Consider a sample of n independent normal rvs. I would like to identify a systematic way of calculating the probability of having the sum of a subset of them larger than the sum of the rest of rvs. An example case: Population of fish. Mean: 10 kg, stdv: 3 kg. I fish five fish (n=5). What is the probability of having two fish weighing more than the rest of the three fish? The steps which can be followed is to calculate the prob for every combination of fish and then use the inclusion exclusion formula for their union. Is there anything smarter? Note: if four fish were considered the probability of having two of them heavier than the other two should be one. How could this be computed immediately? Thanks for the answers.

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    $\begingroup$ You could certainly do simulation. $\endgroup$ – Peter Flom Apr 11 at 13:15
  • $\begingroup$ @whuber - You give a great answer assuming that we have a specific two in mind (or randomly choose two). My initial pass at reading thought it was asking about if there were any subsets of 2 such that the sum was greater than the remaining (as evidenced by their claim that if there were 4 fish then the probability would be 1) in which case we would want to look at the distribution of the biggest two vs the distribution of the remaining and would have to dive into the order statistics. Simulation suggests in this situation the probability is roughly .464. $\endgroup$ – Dason Apr 11 at 14:36
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    $\begingroup$ @Dason Thank you for pointing that out: it is a very plausible interpretation and one I had not conceived of. It also explains why Peter was suggesting simulation, because that's a much trickier problem. I think you're correct about order statistics, because we can reframe the problem as asking "what is the chance that the sum of the $k$ largest of $n$ values exceeds the sum of the $n-k$ smallest ones?" Although we can write down the value as an integral, in general it requires numerical evaluation and rapidly gets onerous as $n$ grows. $\endgroup$ – whuber Apr 11 at 14:40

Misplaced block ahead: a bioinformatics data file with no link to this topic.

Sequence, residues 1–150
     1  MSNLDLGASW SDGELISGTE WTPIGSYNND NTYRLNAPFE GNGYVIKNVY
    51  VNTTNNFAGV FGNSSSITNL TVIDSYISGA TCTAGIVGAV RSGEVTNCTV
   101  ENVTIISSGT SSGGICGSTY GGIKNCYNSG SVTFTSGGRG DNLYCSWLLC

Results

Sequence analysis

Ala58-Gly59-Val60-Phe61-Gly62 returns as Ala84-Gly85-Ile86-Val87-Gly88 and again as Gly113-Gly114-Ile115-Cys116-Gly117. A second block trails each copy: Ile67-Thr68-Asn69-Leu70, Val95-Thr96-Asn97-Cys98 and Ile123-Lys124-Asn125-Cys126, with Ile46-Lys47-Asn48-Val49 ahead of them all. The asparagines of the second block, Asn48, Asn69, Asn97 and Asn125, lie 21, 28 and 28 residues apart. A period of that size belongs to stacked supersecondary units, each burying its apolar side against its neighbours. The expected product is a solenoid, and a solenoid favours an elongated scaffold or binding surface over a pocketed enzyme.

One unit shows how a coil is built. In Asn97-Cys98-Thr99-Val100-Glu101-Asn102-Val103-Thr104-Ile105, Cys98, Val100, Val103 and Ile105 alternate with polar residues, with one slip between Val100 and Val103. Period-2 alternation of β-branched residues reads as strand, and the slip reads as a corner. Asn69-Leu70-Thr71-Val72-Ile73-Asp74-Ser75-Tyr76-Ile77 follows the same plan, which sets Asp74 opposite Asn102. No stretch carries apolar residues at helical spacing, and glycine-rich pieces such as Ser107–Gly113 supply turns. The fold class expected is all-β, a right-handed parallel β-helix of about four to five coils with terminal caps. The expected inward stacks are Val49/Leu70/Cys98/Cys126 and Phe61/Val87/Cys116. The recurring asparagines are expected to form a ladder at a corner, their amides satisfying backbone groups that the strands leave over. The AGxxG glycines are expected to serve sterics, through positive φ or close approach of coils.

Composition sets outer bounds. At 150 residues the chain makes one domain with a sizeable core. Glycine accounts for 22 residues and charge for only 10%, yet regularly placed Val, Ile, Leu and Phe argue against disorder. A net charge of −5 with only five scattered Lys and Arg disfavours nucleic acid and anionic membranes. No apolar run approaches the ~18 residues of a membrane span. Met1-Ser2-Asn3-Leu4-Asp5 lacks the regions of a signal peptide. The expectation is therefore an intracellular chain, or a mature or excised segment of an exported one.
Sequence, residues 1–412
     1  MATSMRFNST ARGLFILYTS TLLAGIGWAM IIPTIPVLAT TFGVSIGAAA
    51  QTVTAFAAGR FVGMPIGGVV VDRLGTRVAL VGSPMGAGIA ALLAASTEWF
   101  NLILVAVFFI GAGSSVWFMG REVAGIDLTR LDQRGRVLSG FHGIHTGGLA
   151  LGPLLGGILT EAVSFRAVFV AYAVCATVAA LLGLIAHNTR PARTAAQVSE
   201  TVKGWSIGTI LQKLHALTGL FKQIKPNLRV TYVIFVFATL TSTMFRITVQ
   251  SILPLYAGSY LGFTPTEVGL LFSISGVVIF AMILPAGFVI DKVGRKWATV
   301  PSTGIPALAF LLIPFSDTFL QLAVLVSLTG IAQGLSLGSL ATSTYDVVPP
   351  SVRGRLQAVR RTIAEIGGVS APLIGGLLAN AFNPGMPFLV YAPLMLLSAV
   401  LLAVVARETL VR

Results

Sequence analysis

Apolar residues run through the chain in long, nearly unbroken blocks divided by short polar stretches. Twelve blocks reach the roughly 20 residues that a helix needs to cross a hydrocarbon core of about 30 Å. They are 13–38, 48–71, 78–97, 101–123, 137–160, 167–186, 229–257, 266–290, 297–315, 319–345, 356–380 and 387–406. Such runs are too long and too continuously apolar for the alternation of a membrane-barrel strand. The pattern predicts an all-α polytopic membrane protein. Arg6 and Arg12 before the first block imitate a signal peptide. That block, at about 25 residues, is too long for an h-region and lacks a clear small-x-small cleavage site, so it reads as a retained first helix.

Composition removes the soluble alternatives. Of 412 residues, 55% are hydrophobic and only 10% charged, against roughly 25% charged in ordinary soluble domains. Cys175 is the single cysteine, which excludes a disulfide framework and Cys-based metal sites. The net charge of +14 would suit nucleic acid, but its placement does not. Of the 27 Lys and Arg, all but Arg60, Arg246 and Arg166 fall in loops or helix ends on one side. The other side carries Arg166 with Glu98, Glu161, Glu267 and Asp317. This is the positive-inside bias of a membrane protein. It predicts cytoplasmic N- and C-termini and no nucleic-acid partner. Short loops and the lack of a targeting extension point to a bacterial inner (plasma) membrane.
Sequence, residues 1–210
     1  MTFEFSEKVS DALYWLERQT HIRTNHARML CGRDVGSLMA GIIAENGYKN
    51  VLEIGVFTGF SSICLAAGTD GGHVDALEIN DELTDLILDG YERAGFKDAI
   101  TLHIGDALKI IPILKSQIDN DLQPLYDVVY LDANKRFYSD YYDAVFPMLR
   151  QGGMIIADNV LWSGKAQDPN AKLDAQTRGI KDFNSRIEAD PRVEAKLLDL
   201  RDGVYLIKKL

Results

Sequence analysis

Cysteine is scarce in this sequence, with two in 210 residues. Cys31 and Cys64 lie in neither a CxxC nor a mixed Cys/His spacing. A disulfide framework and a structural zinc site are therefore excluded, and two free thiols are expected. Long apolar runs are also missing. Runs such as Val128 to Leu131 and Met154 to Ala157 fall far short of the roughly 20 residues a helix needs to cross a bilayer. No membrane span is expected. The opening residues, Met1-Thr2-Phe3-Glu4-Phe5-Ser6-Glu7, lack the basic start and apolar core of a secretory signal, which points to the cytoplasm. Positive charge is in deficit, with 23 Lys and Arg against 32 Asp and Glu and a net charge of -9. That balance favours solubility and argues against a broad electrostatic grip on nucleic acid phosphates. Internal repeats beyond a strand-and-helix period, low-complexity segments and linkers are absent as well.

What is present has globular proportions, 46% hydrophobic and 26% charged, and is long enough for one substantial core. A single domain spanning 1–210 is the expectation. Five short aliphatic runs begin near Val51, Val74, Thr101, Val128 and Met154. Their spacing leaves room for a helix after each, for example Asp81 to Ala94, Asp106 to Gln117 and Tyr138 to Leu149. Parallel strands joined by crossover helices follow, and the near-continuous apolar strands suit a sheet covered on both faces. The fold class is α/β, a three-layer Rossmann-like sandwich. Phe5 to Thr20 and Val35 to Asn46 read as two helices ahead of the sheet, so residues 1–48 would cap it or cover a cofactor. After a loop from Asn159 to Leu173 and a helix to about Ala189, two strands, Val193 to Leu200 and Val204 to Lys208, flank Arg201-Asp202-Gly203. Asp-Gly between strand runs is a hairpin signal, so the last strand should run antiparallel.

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    $\begingroup$ @Manos - If the 1st and 3rd summed were larger than the 2nd, 4th, and 5th... then the 1st and 2nd summed would be larger than the 3rd, 4th, and 5th and would also meet your criteria. So in terms of checking if any subsets meet the criteria we only need to check if the top k sum to something larger than the bottom n-k. $\endgroup$ – Dason Apr 11 at 16:09
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    $\begingroup$ They could. But s as whuber mentions it's not an easy problem. Simulation would get you a result much easier for any specific situation. $\endgroup$ – Dason Apr 11 at 16:19

Your example suggests that not only are the $n$ variables $X_1,X_2,\ldots,X_n$ independent, they also have the same Normal distribution. Let its parameters be $\mu$ (the mean) and $\sigma^2$ (the variance) and suppose the subset consists of $k$ of these variables. We might as well index the variables so that $X_1,\ldots, X_k$ are this subset.